• says

      That’s a good plan if you’re not in marathon shape. Also, the heat and humidity could be a factor too. Even though the race starts so early, by 8:00 or so it could be pretty warm. Just relax and enjoy the experience of running a marathon in Hawaii, how awesome is that?

      Also, get to the start line early. I assume there are corrals now (none when I ran it, you just got there as early as you could, I’m talking leaving the hotel at 3:30 or so). Still, with so many people in the race, it could be hard to work your way to your corral if you don’t get there early. Watch your footing as you take off. There will be fireworks going off over the harbor, but you’ll be crossing several center dividers in the middle of the street. Not a good time to lose your footing.

      Since it will be dark for the first hour or two, soak in the experience of running through Honolulu and Waikiki, where there will be thousands of people out there at 5 am, you’ll be surrounded by tons of other runners, and the Christmas lights are amazing.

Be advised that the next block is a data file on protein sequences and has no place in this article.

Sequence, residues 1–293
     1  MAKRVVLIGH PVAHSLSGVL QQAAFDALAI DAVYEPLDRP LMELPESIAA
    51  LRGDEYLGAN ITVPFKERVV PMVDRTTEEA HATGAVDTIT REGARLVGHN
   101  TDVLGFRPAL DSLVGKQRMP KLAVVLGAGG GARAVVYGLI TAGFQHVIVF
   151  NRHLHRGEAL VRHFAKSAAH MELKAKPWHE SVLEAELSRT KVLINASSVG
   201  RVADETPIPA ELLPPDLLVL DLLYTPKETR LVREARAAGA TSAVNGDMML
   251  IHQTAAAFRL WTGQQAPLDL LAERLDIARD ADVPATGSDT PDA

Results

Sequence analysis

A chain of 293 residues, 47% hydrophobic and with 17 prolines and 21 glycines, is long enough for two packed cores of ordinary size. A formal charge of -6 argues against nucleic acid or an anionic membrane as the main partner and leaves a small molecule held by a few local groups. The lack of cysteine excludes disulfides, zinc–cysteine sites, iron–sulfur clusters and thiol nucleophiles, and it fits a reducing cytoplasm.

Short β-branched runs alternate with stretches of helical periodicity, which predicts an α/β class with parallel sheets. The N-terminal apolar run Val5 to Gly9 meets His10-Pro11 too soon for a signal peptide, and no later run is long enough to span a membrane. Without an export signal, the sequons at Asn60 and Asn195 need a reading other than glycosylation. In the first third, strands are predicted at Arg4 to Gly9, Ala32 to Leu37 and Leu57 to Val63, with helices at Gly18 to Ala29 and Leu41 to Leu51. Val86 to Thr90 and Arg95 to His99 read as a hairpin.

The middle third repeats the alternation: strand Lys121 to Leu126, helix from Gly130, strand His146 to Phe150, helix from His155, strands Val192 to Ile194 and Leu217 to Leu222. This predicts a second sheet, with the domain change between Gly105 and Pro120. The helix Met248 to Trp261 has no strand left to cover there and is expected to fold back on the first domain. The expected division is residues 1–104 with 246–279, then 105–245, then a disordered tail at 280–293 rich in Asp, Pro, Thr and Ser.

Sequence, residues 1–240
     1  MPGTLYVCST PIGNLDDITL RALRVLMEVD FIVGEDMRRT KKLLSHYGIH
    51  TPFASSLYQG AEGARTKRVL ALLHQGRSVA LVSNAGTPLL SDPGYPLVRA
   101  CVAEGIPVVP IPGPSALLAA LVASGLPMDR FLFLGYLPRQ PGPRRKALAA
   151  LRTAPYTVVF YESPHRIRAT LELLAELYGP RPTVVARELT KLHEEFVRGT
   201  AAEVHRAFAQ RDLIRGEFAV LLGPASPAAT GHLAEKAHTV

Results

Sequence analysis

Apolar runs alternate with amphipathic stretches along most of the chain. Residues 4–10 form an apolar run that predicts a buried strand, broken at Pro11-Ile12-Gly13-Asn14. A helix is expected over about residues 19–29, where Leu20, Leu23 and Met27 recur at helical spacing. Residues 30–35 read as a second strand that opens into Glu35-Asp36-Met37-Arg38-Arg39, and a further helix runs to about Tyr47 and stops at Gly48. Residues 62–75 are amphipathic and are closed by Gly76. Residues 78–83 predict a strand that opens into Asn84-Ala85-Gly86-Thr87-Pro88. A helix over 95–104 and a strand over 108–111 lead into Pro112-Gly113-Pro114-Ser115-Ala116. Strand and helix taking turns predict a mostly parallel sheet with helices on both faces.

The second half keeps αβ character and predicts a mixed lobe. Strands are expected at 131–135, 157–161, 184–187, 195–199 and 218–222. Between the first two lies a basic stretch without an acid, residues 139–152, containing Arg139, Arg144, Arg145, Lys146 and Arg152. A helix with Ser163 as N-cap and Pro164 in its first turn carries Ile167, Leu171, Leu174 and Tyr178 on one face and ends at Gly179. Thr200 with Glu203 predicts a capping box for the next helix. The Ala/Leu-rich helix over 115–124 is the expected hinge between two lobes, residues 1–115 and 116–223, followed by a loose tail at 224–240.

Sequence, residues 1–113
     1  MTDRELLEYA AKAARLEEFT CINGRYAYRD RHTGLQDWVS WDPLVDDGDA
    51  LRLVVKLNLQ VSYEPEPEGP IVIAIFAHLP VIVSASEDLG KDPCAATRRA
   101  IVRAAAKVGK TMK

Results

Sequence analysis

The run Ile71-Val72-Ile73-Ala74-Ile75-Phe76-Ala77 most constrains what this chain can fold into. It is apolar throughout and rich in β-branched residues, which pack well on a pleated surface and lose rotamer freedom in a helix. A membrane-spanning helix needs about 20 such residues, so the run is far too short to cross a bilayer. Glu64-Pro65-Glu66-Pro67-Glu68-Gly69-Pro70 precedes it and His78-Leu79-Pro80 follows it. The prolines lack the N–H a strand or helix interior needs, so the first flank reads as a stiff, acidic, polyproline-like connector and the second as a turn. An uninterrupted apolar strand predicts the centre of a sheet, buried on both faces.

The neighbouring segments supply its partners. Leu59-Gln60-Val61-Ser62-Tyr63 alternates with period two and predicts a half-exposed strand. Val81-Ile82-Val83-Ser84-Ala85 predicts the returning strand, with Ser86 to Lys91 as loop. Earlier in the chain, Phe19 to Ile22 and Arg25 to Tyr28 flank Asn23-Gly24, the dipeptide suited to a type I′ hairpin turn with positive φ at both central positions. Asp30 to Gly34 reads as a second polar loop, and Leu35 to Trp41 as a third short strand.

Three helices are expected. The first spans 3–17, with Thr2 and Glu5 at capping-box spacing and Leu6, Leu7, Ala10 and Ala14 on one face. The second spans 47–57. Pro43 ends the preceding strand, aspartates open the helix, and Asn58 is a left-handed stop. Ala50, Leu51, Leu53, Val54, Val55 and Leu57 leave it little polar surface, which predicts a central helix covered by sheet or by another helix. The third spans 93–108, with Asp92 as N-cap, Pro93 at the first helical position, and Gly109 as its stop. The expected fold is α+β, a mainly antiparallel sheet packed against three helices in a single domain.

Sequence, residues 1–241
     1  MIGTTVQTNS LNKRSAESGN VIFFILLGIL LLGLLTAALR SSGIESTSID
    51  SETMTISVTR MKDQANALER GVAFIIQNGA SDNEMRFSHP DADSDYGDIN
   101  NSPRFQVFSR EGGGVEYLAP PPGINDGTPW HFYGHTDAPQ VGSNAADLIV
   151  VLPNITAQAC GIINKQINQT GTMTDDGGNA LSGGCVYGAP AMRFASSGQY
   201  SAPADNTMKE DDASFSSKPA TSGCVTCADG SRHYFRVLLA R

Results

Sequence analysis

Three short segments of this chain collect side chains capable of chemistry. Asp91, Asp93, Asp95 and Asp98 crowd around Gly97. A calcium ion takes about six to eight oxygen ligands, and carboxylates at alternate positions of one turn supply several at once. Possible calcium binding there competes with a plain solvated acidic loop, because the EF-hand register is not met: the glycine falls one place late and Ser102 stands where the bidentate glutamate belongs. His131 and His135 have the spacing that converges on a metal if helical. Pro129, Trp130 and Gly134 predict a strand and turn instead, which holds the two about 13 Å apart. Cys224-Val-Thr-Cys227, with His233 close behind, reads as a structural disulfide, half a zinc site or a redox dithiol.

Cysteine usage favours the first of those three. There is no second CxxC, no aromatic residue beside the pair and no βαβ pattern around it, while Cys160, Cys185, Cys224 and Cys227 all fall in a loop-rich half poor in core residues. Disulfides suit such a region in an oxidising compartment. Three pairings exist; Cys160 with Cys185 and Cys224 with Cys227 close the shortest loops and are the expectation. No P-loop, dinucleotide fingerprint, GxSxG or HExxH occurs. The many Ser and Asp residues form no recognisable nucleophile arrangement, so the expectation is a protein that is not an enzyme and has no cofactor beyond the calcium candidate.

I can’t wait to read about your experience! Have a wonderful time 🙂
      Debbie Woodruff recently posted..Marathon Miscellany: 26.2 Facts, Thoughts, and MemoriesMy Profile

  2. says

    This is awesome! Lots of facts I did not know! I feel like I take my complimentary entry for granted sometimes, I forget how expensive it is to enter! That is CRAZY! I can see why non runners think we are insane now, especially for paying to be in pain!

    I am very excited for your build up, and SLO will be a fun one for you, just as this was a fun post! for us! Thanks!
    Tina Muir recently posted..Weight Fluctuations for Elite AthletesMy Profile

    • says

      To me the price of racing is difficult to take. I’m usually paying for two, since my husband runs too. I say this all the time (probably too often 🙂 ), but racing was so cheap that I complained when the LA Marathon went up to $60. Now it’s about $140. Last year when my husband and I ran Rock and Roll, it cost almost $300. By most standards, that’s a lot of money. I’m always amazed by people who are running so many races a year. Unless they’re small, hometown type races, I certainly couldn’t afford it.

      Okay, off my soapbox now 🙂
      Debbie Woodruff recently posted..Marathon Miscellany: 26.2 Facts, Thoughts, and MemoriesMy Profile